The plea agreement between DeKalb County State’s Attorney Richard Schmack’s office and now-convicted murderer William “Billy” Curl seems appropriate.
But it appears Schmack’s office has some work to do when it comes to working with victims’ families and handling the publicity that accompanies these types of cases.
First, the plea deal: William “Billy” Curl pleaded guilty to murdering 18-year-old college freshman Antinette ‘Toni’ Keller on Wednesday in exchange for a 37-year sentence. He will not receive any good behavior credit. With credit for time served, Curl could be released when he is 71. If he lives that long behind bars, that is.
The enormity of the crime to which Curl pleaded guilty should not be understated.
Keller, a Northern Illinois University freshman from Plainfield, was last seen around noon in October 2010, when she told friends she was going for a walk in Prairie Park. Some time after, authorities say Curl raped and murdered her, then burned her body and possessions.
Some have complained that this plea agreement is outrageous. Curl should never see the light of day, and if it took a trial for a life sentence to be secured, then so be it. They say that Curl being allowed to enter an “Alford plea,” under which he maintains his innocence but pleads guilty, is a slap in the face to the family.
That tough-on-crime view overlooks some key points. As Schmack pointed out Wednesday, there was no guarantee that Curl would be found guilty at trial. The state had no eyewitnesses, murder weapon, time of death or cause of death. Even if he was convicted, Curl could have appealed the verdict, keeping the case active for years to come.
Although many complain this agreement was unfair to the family, the particulars raised in a public trial could have been traumatic as well. And there was no guarantee, even if he was found guilty, that a judge would have sentenced Curl to more than 37 years.
As for the Alford plea, even if Curl were tried and convicted, he could still maintain his innocence. Under this agreement, he can claim he’s innocent all he wants – from behind bars.
Schmack’s office evaluated the evidence and secured a lengthy prison sentence and murder conviction in this case. As Schmack pointed out Wednesday, Curl was charged with first-degree murder and was convicted of first-degree murder. His office did its job.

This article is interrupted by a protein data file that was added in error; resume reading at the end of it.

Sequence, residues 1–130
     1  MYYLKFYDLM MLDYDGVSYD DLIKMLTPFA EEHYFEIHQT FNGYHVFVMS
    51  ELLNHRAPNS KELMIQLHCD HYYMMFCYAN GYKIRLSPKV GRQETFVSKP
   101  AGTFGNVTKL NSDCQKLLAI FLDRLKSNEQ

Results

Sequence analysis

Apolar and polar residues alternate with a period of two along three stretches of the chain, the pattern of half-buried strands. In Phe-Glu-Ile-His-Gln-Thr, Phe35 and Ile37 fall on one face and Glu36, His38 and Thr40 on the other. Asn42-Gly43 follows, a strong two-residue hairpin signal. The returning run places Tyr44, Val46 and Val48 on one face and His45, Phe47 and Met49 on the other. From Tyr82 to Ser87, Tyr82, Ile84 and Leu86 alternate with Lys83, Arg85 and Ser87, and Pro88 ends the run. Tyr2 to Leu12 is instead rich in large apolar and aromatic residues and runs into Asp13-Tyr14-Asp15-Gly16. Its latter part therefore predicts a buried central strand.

It just doesn’t appear they did enough to make the victim’s family understand that point of view, or at least to respect it enough to refrain from publicly calling them out.
A spokesman for the Keller family complained this week that Schmack’s office had not done a good job communicating with them. Keller’s parents showed up at the DeKalb County Courthouse on Tuesday and waited while lawyers met behind closed doors. They left without learning of an outcome.
They didn’t return for the hearing Wednesday, but their supporters on social media were busy posting Schmack’s office contact information on the internet and encouraging people to complain about the plea bargain.
Also, it felt as though Schmack’s office treated this as just another criminal case, which it clearly was not. Reporters also attended Tuesday’s meeting about a plea agreement in the case. When it was over, they were sent away from Schmack’s office without a word from him.
Not long after, an emailed press release was sent to the media informing them what had been settled behind closed doors. It added to the feeling – particularly among those who disagreed with the decision – that this was being handled on the sly.
It seems that the plea agreement was properly handled. But more should have been done to help the victims’ family through the process and to help the public understand what was happening.